1. Results Orientated: The best SOPs achieve specific results, they orientate tasks towards results which enable the establishment of measures and benchmarking. An SOPs ability to achieve results is a direct indicator of its efficacy. This may result in splitting longer SOPs into measurable tasks. . Don’t create unnecessary rules: The SOP is there to achieve uniformity of the performance of a specific function, not to provide uniformity and stifle innovation. Many courses exist which will tell you how to format SOPs and one of the first questions asked is “does a standardized format really increase effectiveness?” The answer is, it may or may not depending on the environment within which the SOP is used. 3. SOPs are part of the process: When SOPs are not utilized and explored for process improvement they may become a bureaucratic burden. When they are utilized day-to-day they provide scope for continuous improvement. . SOPs and Training need to be conjoined: You cannot effectively train on SOPs unless the process is already understood. Training on the process includes the ‘why’, or the rationale the SOP probably lacks and develops a greater understanding of the SOP while providing a compliant backbone for uniformity of performance. We understand that each individual should be qualified by education, training, and experience to perform his or her respective task(s), and that this involves more than reading and following SOPs. SOPs and training can be viewed together as two parts of a whole, though the proportion that each part plays can vary.

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5. Balance SOP and Training: A careful balance of proportions. More detail may be necessary in an SOP when: • The process is not well understood regardless of education, training and experience, • The process is simple and can easily be understood through review, • There is less opportunity to practice, and • The process is infrequently used. And more in the training when: • The WHY is critical to fully understanding the process, • Practice is essential to utilization, and • The process is commonly used. 6. Indexing is critical: The index is a critical element in accessing SOPs and its role needs to be given attention in the overall SOP system. The index may contain elements which make more sense in this context, such as title, purpose, scope and revision history which are all tools in the identification of the SOP to be accessed. . Flowcharts may aid understanding: Visual thinking may help in the rationalization of SOPs however their use in SOPs themselves may not always aid understanding. 8. The SOP development process is a cycle: Changes to SOPs do not have to be made according to a schedule. Though if it helps to do so, there should be a mechanism to capture and review suggestions to change or recommended process improvement provided at any time. Critical changes of course should not wait until the next scheduled review.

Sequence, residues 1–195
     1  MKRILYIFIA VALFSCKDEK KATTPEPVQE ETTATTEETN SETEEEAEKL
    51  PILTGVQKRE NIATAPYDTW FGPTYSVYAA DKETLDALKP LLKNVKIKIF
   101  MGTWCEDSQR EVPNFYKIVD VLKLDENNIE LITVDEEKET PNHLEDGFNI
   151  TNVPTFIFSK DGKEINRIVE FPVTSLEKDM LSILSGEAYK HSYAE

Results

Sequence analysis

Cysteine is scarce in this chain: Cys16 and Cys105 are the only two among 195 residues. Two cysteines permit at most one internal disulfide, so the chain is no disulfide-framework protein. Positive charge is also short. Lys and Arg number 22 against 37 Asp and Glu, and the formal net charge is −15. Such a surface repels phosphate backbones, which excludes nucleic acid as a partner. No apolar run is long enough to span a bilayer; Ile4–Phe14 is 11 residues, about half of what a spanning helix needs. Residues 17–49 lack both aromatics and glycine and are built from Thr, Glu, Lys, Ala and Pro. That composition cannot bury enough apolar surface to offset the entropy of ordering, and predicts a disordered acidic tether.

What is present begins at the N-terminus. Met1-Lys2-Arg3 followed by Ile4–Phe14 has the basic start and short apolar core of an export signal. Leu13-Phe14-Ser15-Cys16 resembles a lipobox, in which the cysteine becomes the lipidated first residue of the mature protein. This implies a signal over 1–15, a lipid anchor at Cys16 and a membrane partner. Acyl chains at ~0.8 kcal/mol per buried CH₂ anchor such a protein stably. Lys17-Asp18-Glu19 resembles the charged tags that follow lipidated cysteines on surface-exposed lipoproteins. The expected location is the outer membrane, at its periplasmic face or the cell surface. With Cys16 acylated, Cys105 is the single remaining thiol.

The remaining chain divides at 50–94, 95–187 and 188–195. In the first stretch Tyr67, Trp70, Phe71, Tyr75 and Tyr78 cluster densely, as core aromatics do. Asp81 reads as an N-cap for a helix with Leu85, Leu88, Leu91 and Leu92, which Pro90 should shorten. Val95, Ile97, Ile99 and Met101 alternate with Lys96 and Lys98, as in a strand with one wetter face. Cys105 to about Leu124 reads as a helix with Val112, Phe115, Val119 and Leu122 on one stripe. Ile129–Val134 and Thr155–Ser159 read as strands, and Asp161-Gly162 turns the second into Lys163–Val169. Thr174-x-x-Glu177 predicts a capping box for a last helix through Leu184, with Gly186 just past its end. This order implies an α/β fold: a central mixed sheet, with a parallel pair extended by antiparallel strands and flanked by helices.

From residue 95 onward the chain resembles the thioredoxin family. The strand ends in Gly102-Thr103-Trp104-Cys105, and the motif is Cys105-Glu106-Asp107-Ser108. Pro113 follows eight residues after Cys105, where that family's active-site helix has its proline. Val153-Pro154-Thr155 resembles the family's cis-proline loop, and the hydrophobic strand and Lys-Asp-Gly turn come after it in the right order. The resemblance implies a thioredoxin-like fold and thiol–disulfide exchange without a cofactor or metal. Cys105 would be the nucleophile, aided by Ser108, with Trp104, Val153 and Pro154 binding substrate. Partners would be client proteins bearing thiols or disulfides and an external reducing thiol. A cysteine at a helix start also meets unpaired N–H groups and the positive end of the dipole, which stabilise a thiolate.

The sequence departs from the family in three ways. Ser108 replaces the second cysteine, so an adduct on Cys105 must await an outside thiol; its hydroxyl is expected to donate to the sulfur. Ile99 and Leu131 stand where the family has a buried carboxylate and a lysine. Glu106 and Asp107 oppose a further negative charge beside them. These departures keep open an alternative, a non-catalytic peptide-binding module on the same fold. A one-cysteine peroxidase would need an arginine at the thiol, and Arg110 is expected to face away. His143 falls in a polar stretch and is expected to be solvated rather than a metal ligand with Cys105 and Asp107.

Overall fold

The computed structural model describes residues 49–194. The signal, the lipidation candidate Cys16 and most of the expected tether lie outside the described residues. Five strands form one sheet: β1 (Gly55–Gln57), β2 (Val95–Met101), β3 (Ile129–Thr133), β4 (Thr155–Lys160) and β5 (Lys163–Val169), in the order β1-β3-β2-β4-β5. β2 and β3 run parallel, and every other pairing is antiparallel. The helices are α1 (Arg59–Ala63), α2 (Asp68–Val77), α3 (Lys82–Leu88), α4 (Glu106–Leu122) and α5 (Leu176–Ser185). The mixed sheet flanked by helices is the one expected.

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THANK YOU.
Written by Dan Burgess, Alexion Pharmaceuticals Produced by karlssonwilker, Inc. for CQA, Alexion Pharmaceuticals Thanks to Denise Romero, Alexion Pharmaceuticals CQA Training 0006009. © MMIX Alexion Pharmaceuticals